Right now, a few different things could give a variant increased transmission. It could reproduce more inside the nose and throat. More virus means more shedding—that is, escaping your body and potentially making it into other people’s bodies. Hamsters with the U.K. variant shed more virus, Weaver’s lab found. Or a variant might need less virus to establish an infection.
We don’t know the full picture in detail yet, but what we do know is actually fairly encouraging. The experts I spoke with agreed that the vaccines will likely be effective for preventing a lot of the risk of severe and critical disease. The Johnson & Johnson vaccine was tested against the South Africa variant in its clinical trial. It was 64 percent effective in South Africa. While that’s less than its 72 percent effectiveness in the U.S., it still offers quite a bit of protection. Remember that before the vaccines were tested, the Food and Drug Administration was prepared to approve anything with more than 50 percent efficacy, and annual flu vaccines are 40–60 percent effective.
The variants didn’t exist yet during Pfizer’s and Moderna’s clinical trials. But Kennedy says “there’s really good reason to think that they’ll still have good efficacy against these variants,” and the other experts I talked to agree.
Wait, but it sounds like the Johnson & Johnson vaccine is less effective against the South Africa variant. Why the optimism?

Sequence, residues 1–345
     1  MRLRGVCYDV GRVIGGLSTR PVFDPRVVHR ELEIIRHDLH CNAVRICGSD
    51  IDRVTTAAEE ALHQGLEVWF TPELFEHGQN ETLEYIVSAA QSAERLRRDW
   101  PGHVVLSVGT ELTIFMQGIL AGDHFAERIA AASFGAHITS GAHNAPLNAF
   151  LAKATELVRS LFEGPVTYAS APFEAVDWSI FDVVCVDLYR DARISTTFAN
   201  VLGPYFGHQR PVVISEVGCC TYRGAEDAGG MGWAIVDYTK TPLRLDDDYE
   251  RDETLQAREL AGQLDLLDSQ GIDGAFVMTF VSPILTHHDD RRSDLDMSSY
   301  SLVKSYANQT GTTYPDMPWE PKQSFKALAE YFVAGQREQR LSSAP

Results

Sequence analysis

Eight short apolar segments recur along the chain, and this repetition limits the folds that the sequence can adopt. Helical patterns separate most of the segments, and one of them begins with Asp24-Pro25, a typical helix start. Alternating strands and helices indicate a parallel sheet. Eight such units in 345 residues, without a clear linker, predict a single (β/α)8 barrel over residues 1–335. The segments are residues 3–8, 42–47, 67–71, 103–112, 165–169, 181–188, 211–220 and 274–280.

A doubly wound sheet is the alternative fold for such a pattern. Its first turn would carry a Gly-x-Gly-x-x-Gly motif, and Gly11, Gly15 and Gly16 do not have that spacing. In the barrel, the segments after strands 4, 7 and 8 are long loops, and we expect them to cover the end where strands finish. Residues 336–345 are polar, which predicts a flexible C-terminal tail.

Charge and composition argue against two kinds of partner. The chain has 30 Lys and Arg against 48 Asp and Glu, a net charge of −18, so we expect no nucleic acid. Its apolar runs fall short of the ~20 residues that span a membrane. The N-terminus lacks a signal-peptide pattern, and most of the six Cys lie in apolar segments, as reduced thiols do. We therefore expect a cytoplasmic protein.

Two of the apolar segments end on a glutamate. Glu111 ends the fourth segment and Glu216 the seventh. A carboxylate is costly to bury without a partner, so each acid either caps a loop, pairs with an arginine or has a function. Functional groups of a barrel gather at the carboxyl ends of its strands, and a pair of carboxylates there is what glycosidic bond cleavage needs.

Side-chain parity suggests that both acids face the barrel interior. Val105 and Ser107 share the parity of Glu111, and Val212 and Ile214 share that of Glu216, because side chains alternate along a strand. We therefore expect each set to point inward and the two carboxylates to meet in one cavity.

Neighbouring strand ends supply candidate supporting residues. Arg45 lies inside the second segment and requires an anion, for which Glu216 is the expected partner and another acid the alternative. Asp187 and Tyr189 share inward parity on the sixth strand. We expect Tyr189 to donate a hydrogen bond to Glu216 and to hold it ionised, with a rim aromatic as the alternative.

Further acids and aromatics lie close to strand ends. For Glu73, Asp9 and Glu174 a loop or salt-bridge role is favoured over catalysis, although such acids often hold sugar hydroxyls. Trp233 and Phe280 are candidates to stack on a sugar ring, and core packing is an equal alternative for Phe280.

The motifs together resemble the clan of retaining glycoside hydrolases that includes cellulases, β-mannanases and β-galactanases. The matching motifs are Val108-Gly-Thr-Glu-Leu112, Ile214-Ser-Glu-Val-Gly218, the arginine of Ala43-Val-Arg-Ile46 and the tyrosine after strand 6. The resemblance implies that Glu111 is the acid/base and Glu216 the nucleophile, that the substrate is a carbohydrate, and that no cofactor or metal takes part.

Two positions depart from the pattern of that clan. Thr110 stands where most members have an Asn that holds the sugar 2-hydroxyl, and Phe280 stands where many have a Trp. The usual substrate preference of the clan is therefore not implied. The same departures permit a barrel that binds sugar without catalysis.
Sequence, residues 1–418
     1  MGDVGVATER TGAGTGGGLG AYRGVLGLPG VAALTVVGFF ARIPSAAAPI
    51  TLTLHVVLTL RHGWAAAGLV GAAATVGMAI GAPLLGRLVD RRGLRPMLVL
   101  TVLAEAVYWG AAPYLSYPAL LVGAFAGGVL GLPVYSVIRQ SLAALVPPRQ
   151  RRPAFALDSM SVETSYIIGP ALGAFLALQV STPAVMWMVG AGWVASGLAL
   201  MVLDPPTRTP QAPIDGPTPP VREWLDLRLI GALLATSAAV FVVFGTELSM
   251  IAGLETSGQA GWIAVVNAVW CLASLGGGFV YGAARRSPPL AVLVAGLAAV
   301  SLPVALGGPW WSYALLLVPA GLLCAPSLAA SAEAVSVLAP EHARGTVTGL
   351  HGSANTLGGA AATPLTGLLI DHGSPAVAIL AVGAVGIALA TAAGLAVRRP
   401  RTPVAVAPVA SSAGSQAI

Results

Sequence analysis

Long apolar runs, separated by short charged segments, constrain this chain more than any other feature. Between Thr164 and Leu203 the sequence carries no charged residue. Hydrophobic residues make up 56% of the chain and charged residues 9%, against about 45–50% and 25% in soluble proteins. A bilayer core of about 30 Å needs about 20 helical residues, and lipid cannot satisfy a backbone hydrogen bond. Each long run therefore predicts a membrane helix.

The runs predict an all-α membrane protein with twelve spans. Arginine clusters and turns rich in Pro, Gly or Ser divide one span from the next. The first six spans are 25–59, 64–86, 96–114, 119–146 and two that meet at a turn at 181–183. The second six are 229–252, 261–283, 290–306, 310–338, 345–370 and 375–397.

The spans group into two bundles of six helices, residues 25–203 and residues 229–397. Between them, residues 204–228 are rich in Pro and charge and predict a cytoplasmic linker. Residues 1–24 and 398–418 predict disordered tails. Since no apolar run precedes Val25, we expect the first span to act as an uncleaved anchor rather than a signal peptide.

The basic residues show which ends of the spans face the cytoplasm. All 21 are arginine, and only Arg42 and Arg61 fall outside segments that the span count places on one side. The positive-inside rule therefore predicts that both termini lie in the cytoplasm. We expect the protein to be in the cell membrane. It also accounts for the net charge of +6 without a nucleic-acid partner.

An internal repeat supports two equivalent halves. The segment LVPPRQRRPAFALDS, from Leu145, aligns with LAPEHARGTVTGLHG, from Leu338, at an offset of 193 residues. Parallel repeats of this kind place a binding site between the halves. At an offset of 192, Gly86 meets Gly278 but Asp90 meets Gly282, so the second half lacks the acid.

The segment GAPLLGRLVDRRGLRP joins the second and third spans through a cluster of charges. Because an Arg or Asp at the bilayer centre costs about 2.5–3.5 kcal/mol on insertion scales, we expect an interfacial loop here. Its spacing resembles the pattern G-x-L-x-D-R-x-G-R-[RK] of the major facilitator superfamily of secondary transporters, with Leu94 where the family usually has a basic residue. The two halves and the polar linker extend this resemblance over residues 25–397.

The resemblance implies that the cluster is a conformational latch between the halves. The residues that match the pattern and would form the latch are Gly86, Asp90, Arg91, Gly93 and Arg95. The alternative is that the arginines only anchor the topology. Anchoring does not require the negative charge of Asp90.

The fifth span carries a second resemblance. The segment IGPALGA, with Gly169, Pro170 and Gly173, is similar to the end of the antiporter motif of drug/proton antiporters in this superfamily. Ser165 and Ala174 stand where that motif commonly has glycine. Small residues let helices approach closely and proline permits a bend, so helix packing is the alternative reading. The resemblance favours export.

What would be really bad is a variant that could evade vaccine-induced immunity entirely. The good news is that none of the current variants seems to do that. According to a couple of papers that have not yet been published, antibodies produced with help from the vaccines seem to effectively neutralize the U.K. variant, Weaver says. Manufacturers design a vaccine to help the body throw a bunch of different antibodies at the virus so that in combination they’ll all be enough to knock it out. Weaver says there is a “pretty consistent picture emerging” that the South Africa variant is probably a little bit nimbler against one antibody, “but there would be still quite a bit of protection” from the vaccine. Antibodies hamper the virus by glomming onto all those spikes that stick up from it. “The spike protein is huge, so there are going to be antibodies to many different portions of it,” says Barker. It would take a lot of mutations to make a variant that could dodge every one of those antibodies. Plus, the vaccines also nudge the body to produce T cells, and a recent preprint found that those T cells were still equally protective against the new variants. “Normally people think of it as something that’s binary, right? The vaccine works, or the vaccine doesn’t work,” says Kennedy. “And that’s not at all the way that it actually works.”